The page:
Friday, July 21, 2017

Life or Death, 1958 (1958)

From the December 1958 issue of the Socialist Standard

There is something cold and detached about the world of statistics, for it forms a part of a science based upon self-evident truths and abstract relationships, and there was certainly something chill about the proceedings in the Central Hall, Westminster, on the evening of September 22nd.

On the platform were three eminent scientists—Professor Linus Pauling, of Pasadena, U.S.A., Professor Marcus Oliphant of Australia, and Professor Powell of Bristol University; three men whose contribution to science is acknowledged as great within their own lifetime. They were there at the invitation of the Campaign for Nuclear Disarmament, to be cross-examined “about nuclear and hydrogen bombs and the responsibility of the Scientist in the Nuclear Age.” Their interrogators were two journalists, a liberal politician, and a Q.C.

In expert and erudite terms—terms which any layman could well understand—Messrs. Pauling, Oliphant and Powell explained with the cold compulsion of science the horrors of living in this nuclear age. To have been unmoved would have been to deny that one was a human being. To have accepted their conclusions would have been to deny the very “scientific method” that they had earlier evoked to their aid.

What did they say?
They told us that the genetic mutations caused by radiation from one 20 megaton bomb would cause the birth of 15,000 deformed children, and that consequently mankind had already mutilated 150,000 of its future offspring; and that there is no defence against a nuclear weapon, as indeed there is no defence against high explosives or bullets, save not to have them.

They told us that a limited nuclear war is impossible. That once a nuclear weapon is exploded, retaliation is certain. It had been estimated that even if 630 H bombs were dropped on the U.S. (which number would kill 150 millions of the total population of 175 millions by direct action alone), America’s retaliation potential would not be seriously impaired. This because U.S. missile bases were spread throughout many parts of the globe, and atomic weapons are standard equipment carried by patrol aircraft and submarines.

They told us that though it was possible to detect nuclear explosions and control the making of nuclear weapons, it would be impossible to detect a store of nuclear weapons already assembled. Nuclear materials can be buried conveniently underground, and a plot of earth 30 foot square could house enough nuclear potential to blow the earth out of the universe.

We were told that clean bombs are the starting point for all conventional nuclear weapons. That a clean bomb can be converted into a dirty bomb of twice the power by the simple expedient of changing the nature of the outer compartment metal. And that far from cleaning its bombs, the U.S. was at the moment removing all its nuclear weapons from stock and dirtying them up, by adding something to them. According to Professor Pauling, such a dirty bomb if dropped on London would kill the populations of Manchester and Liverpool by the direct fall-out of radioactive material.

They told us that in a matter of a few years the number of nations which possessed nuclear weapons would be doubled. That a nuclear weapon could be exploded anywhere without anyone having the slightest idea where it came from.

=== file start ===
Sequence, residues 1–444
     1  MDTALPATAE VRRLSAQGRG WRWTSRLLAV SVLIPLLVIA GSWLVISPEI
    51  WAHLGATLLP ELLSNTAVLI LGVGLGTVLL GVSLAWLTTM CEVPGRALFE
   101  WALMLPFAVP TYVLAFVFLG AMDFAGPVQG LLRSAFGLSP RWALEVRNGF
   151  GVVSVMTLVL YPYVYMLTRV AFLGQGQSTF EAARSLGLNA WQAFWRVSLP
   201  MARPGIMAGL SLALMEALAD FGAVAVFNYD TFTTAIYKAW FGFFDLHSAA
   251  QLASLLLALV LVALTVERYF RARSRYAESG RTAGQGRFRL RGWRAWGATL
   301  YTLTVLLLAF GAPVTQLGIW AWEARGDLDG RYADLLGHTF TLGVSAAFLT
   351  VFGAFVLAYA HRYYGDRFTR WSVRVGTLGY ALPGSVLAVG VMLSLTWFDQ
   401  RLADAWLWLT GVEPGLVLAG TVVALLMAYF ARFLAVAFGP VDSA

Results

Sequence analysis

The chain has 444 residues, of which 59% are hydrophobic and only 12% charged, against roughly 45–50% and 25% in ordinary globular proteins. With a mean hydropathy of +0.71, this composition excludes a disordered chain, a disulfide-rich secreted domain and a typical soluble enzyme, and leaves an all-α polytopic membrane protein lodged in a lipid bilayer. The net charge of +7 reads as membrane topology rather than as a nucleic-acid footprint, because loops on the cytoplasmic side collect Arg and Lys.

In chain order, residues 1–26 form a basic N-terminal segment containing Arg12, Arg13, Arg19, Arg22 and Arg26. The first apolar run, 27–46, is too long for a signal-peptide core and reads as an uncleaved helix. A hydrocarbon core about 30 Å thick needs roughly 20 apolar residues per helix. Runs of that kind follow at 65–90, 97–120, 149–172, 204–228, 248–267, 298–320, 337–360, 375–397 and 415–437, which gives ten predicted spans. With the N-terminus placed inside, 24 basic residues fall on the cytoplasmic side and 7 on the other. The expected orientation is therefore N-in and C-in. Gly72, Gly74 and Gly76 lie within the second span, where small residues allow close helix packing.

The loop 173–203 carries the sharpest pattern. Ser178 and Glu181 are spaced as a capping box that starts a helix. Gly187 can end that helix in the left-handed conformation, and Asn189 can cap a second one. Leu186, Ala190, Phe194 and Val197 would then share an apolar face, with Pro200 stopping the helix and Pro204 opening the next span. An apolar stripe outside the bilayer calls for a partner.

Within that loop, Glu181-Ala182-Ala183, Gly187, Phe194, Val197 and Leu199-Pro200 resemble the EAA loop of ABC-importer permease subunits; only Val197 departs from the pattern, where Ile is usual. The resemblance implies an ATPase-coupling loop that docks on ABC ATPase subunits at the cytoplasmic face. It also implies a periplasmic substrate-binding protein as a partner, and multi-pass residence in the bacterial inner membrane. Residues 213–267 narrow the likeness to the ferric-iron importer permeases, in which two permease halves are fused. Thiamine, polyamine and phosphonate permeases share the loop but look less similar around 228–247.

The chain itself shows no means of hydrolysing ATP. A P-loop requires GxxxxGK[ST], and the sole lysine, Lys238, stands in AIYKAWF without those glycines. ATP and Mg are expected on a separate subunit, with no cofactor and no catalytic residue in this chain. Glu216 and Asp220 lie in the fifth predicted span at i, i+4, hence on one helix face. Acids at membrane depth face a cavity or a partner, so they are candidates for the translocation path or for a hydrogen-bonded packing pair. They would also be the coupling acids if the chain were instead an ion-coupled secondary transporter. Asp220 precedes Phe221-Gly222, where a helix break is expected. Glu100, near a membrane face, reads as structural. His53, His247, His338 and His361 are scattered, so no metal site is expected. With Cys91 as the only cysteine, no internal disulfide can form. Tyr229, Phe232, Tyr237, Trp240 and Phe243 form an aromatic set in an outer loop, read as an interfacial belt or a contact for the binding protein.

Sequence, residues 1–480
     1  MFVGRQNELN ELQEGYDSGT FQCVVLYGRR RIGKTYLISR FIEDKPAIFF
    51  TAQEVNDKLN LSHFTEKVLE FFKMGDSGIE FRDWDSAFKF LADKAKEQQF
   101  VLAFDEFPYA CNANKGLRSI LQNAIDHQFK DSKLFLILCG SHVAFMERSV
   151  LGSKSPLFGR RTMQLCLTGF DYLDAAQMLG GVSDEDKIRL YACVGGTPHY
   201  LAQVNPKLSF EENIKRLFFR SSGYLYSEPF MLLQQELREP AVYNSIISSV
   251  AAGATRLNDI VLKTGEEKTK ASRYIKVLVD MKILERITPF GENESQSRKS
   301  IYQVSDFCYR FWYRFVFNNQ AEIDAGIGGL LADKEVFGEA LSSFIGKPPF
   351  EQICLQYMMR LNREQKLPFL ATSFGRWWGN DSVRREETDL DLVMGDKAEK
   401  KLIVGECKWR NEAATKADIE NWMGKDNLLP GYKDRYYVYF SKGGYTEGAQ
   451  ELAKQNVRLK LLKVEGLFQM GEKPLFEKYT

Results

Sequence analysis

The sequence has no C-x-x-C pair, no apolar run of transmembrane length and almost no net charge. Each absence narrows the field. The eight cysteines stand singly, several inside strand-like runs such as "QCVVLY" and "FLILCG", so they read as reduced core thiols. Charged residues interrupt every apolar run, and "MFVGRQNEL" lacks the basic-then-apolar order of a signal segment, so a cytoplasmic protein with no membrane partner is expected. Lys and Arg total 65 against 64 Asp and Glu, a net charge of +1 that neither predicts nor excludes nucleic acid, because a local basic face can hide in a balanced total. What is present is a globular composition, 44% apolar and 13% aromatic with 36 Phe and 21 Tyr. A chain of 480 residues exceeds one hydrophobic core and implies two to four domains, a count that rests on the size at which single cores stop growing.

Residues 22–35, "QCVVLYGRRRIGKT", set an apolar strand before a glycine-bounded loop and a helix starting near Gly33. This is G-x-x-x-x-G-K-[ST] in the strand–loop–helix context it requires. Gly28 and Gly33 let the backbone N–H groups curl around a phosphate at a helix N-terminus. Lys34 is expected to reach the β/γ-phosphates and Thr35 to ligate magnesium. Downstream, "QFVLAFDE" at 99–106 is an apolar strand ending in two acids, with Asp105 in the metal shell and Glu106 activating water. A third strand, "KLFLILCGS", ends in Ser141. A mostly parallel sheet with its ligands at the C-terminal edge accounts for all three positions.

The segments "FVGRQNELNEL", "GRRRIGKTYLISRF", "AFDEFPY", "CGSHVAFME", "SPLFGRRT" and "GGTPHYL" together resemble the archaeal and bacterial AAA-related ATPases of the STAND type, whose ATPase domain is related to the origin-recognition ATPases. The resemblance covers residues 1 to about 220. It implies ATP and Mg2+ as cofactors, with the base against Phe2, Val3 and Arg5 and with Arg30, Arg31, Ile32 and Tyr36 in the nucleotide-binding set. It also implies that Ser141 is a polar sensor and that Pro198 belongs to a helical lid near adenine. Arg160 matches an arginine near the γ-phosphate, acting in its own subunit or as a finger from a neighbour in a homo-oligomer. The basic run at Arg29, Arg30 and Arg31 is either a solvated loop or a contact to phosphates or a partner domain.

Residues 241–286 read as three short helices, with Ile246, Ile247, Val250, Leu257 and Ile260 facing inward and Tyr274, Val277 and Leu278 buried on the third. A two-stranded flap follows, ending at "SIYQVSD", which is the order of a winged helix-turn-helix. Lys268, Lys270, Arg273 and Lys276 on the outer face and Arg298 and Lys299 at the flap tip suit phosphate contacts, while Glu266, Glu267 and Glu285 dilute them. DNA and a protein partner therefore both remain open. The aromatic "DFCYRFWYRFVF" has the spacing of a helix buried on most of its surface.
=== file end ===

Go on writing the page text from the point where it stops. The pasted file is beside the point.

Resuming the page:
And one thing was said which shows the barrenness of supporting campaigns like the one organised by the nuclear disarmament people. Even if it were possible to destroy all stocks of nuclear weapons and prevent the manufacture of more, even then, in the event of a war, it would take but a year to re-assemble the knowledge of the past and make further bombs. As Professor Oliphant said: “You cannot banish nuclear war without banning all war.”

What is the answer ?
Our three scientists thought that international agreements and pacts, designed initially to ban the further testing of nuclear weapons, were the starting point. From this, they thought, growing confidence and mutual trust would finally make complete disarmament a possibility.

Such, a position is untenable because it is unscientific. If, as our scientists admit, nuclear disarmament cannot be divorced from the problem of war itself, a solution of the former can only be accomplished within a general solution of the latter. War is no act of God, no manifestation of human nature. War is a product of the nature of society. A society whose basis, private ownership of.the means of living and_sale of goods for a profit, is the cornerstone of man’s inhumanity to man. It is the result of international competition by groups of property-owners for raw materials, markets, and strategic positions. Though the players may be disguised and masquerade as governments, the game is just the same, the spoils just as large, the rules just as ghastly.

What place has mutual trust in a world which exhorts the act of legalised plunder and pillage as its premise? Where a sense of growing confidence as half the world’s population dies of slow starvation? What price international agreements with a ballistic missile levelled at your head?

It is difficult to conceive the horrors of an H.B. war; to realise that each bomb is 20 million times bigger than the biggest block buster used in the second world war. Who can imagine London lying obliterated and the peoples of Leeds and Birmingham dying by the same act? Such things are almost beyond the grasp of human comprehension. And yet they may become reality tomorrow. The choice is yours. Is it to be Capitalism or Socialism, private property or social equality, war or peace, life or death? 
Michael Gill

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